At the age of sixteen young Moore joined the Confederate army, enlisting in Captain Nixon's Company, Wood's Regiment, and with this splendid fighting organization he saw service until the close of the war. He never shirked a duty, his bravery was tempered with
T. J. MOORE
kindness and generosity and he had many warm friends among the members of his regiment. Seeing the proverbial Irish sense of humor and optimism, he set an inspiring example of cheerfulness under every hardship.
When the war closed, young Moore returned to Guadalupe county, where he worked on his father's farm and engaged in the freighting business with ox teams. This was the only means of distributing merchandise in those days, and the work, while very arduous at times was highly remunerative. His first venture in the cattle business was in the early 70's, when he bought cattle in Blanco county and drove them up the trail to Kansas, where he wintered his stock and sold in the spring. He continued in this work for several years, and his buying and selling of stock reached a point where he handled thousands of head each year. He used the trail for marketing cattle as long as it remained open to the North. In the latter 70's he went into stock raising on a large scale and this was his life occupation. He was a pioneer in stock improvement and early began improving registered bulls, although he made a specialty of prize-winning stock.
His various land and cattle investments were not confined to Texas, where he had extensive possessions in Llano and Webb counties, but in 1889, with John T. Lytle, J. R. Blocker and W. H. Jennings, he purchased more than 500,000 acres of land in Coahuila, Mexico. This tract of land is known as the Piedra Blanco Ranch, and is stocked with thousands of head of high-grade cattle. Captain Lytle died in 1906, when the remaining members bought out his heirs. The Piedra Blanco Ranch is still owned by the T. J. Moore estate, W. H. Jennings and J. R. Blocker. The Piedra Blanco Ranch was a source of much satisfaction to Mr. Moore, and many hours of his last years on earth were spent in mental direction and advisement of procedures on his property.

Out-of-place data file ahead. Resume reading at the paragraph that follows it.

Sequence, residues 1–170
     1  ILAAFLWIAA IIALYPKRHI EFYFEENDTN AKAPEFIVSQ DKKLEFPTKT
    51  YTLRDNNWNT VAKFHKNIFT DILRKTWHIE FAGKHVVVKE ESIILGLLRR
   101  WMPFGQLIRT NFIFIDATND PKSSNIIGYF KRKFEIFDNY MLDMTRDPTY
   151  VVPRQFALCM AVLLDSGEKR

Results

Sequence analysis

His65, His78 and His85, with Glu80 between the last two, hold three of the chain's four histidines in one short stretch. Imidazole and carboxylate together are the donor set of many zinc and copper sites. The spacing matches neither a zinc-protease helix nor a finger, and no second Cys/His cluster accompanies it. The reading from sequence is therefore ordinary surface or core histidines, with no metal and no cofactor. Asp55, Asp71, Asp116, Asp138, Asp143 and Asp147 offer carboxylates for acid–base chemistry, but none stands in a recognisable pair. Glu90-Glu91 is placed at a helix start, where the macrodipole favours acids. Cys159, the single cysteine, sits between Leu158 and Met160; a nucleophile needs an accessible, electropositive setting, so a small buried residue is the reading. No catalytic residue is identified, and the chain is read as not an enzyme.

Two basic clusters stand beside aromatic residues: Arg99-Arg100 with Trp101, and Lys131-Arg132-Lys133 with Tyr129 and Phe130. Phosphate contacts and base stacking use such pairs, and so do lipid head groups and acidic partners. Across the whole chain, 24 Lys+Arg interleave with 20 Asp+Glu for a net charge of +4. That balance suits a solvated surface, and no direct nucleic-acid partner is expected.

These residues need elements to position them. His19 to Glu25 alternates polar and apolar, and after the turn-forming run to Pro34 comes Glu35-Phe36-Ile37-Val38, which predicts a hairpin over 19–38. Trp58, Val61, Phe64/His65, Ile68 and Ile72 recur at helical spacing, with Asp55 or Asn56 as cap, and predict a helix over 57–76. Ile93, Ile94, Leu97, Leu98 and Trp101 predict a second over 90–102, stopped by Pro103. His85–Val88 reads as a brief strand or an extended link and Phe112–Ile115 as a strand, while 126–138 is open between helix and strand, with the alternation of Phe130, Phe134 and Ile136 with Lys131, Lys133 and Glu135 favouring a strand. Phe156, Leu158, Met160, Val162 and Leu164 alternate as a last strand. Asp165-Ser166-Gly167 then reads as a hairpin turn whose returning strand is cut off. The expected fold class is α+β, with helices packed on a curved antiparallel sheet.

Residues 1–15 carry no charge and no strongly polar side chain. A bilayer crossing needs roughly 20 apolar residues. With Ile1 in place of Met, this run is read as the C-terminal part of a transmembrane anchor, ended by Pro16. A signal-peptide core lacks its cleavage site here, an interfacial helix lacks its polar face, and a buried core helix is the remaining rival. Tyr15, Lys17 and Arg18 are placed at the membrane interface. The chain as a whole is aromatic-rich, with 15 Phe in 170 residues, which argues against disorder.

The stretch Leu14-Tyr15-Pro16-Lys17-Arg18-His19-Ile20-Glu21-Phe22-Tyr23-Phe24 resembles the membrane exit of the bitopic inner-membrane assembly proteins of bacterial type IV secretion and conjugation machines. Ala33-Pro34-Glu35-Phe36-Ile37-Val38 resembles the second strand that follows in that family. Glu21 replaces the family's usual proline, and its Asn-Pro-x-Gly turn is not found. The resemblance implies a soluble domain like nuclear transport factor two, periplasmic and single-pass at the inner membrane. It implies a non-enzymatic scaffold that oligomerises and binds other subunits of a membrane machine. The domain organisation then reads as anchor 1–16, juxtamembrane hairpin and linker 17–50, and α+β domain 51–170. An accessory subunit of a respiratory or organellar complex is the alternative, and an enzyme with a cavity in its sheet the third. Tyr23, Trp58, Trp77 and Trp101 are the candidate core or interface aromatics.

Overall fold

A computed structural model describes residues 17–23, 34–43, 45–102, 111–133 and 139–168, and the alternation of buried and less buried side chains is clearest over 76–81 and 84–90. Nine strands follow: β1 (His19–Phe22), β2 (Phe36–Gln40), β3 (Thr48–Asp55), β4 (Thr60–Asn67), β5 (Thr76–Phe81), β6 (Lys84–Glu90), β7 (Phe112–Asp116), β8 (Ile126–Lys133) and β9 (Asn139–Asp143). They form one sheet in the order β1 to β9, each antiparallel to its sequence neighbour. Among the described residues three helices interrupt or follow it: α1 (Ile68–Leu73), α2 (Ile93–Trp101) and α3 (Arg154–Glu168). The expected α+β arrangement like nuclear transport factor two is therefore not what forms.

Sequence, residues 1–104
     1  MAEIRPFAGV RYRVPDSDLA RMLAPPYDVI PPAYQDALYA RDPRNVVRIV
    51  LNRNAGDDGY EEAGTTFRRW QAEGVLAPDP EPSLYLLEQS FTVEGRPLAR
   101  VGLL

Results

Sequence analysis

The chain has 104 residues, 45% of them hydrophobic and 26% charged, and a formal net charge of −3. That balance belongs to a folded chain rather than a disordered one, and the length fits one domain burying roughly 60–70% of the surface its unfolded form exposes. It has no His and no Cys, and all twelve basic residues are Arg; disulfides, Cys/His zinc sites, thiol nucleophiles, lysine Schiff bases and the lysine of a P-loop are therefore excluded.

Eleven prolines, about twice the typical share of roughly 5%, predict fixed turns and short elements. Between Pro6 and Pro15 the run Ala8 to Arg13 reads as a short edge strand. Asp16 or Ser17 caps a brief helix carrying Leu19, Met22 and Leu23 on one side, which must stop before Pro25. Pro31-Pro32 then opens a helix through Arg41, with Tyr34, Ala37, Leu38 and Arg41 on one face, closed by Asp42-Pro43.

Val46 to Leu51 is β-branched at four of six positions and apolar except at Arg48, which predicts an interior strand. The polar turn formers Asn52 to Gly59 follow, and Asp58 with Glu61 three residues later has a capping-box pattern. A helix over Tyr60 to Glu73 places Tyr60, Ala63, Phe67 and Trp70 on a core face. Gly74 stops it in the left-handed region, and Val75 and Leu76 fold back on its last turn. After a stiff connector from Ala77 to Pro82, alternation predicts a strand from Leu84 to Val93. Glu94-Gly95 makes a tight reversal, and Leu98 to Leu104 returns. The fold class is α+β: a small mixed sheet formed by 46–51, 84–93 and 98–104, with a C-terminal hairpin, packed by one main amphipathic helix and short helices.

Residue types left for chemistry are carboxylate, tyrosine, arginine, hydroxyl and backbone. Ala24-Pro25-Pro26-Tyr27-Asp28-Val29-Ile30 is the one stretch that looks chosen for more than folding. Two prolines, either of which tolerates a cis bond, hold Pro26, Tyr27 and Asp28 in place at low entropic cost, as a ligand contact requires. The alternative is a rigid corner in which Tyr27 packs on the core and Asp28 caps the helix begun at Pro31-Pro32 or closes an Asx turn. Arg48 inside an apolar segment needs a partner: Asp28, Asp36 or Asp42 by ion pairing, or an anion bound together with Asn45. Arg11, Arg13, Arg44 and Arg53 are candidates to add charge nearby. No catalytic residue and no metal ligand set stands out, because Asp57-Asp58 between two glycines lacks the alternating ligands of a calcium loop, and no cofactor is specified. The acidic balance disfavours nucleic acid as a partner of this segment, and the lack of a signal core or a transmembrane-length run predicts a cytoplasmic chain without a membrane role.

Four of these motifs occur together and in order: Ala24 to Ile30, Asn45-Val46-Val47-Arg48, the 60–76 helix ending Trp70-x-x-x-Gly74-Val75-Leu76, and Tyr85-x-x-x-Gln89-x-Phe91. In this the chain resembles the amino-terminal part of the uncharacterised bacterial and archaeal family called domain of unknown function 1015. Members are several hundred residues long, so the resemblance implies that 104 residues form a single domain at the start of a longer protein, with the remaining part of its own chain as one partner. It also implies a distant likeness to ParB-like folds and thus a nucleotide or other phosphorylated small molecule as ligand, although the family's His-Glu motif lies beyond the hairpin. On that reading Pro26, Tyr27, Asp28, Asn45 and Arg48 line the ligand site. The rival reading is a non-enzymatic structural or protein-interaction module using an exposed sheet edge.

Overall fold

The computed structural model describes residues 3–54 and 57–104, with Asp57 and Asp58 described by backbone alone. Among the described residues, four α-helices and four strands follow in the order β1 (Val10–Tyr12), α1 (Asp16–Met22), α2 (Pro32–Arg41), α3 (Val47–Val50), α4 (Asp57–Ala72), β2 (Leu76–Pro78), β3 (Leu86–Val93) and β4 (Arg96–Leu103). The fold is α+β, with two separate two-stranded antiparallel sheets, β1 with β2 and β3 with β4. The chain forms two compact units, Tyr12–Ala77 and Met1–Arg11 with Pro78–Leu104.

Mr. Moore became a member of the Texas Cattle Raisers' Association early in its organization and was alive to its interest and progress. Through personal influence and acquaintance he secured a large number of members for the Association among the stock raisers of North and South Texas. As an active worker in the Association he contributed toward the upbuilding of the cattle industry in the Southwest. For many years he was president of the Llano County Bank, of Llano, Texas, which later became the Home National Bank, and in which Mr. Moore was the largest individual stockholder.
Mr. Moore was married to Miss Carrie Roberts, a daughter of Captain and Mrs. Alexandria Roberts, of Blanco county, August 10, 1875. Of this union there was born one child, Edna Jeffreys, who now resides with her mother in the Moore home at Llano. Mr. Moore was reared in the Primitive Baptist faith, and his early Christian training shaped his entire life. His life-long friend, John C. Oatman, pays this tribute to his memory:
“As a husband and father, he was ever loving and tender. To supply their wants and make his wife and daughter happy was the greatest joy. As a friend, he was as true as the magnetic needle to the north star. In the darkest hour of their adversity he stood closest to his friends, and with his money and his counsel he assisted many. We are told in Holy Writ that pure and undefiled religion consisted in visiting the widows and fatherless in their afflictions, and it was in this Godlike and Godgiven trait of character that Tom Moore shined · brightest. How many unfortunate, helpless persons he assisted during his life only the Great Father knows. True it is that he never turned any away empty. All this he did for sweet charity's sake, for no one ever heard him boast of what he had done."